On March 17, 2022 I had an ultrasound done on my thyroid and it is acutely inflamed and has mild diffuse hypervascularity with diffuse decrease in size of the thyroid gland with heterogeneity in overall echo texture. The findings reflect chronic lymphocytic thyroiditis. The doctor made me recheck the cortisol ACTH STIM and it came back to normal after 60 minutes at 19.0 ug/dl. I had my TSH retested on April 13th and it was 17.70, Free T4 is 0.9ng/dl, Free T4 Total 6.7ug/dl,T3 Total 57ng/dl, Free T3 2.1pg/ml, ACTH 9pg/ml, Iodine Serum Plasma was 46 mcg/L. I wonder if my Iodine has always been so low and might be why my metabolism sleeps.
    I refused to take synthroid again and feel like I am allergic to it. So, on April 17, I was prescribed Tirosint 75 MCG Capsules. I started taking T3 Conversion Booster the pills the same day but an hour after I take the Tirosint in the mornings on an empty stomach. Since my Iodine Serum Plasma is super low should I be taking a supplement for it or is the amount in the T3 Conversion Booster enough?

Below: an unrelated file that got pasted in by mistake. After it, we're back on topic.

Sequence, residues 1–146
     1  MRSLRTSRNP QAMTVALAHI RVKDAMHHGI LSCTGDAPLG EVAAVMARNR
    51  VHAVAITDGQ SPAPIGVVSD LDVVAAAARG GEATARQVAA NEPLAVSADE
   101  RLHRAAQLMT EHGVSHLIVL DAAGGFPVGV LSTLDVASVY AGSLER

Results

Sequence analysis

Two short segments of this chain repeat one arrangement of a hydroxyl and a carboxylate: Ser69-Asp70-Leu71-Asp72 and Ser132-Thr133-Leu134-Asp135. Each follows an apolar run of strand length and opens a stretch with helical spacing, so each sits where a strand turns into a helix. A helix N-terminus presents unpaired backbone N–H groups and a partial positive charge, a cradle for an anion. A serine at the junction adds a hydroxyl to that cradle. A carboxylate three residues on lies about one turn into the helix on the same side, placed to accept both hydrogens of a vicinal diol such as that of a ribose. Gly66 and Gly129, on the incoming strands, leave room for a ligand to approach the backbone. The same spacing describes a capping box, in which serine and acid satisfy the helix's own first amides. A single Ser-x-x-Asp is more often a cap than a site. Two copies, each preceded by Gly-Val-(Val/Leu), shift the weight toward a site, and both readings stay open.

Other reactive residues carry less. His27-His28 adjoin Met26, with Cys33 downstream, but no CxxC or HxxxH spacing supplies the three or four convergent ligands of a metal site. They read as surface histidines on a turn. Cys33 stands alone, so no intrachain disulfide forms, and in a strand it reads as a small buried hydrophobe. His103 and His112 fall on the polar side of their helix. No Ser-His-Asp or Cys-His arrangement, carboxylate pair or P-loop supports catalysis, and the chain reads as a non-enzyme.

My worry is I need to be taking Tirosint and Cytomel for T3 in a 4 to1 ratio. I am so frustrated I haven’t been able to get my thyroid back on track for so long and wanted to know if you had any advice. I now feel like I have developed gastric issues like thyroid gastritis. I couldn’t be tested for gluten allergies because I have been on a gluten diet for years. Should I get them to test me genetically to figure out how to treat me?
    By the way I do have very low body temp, with highest being 87.1. It usually is around 86.9 most the time.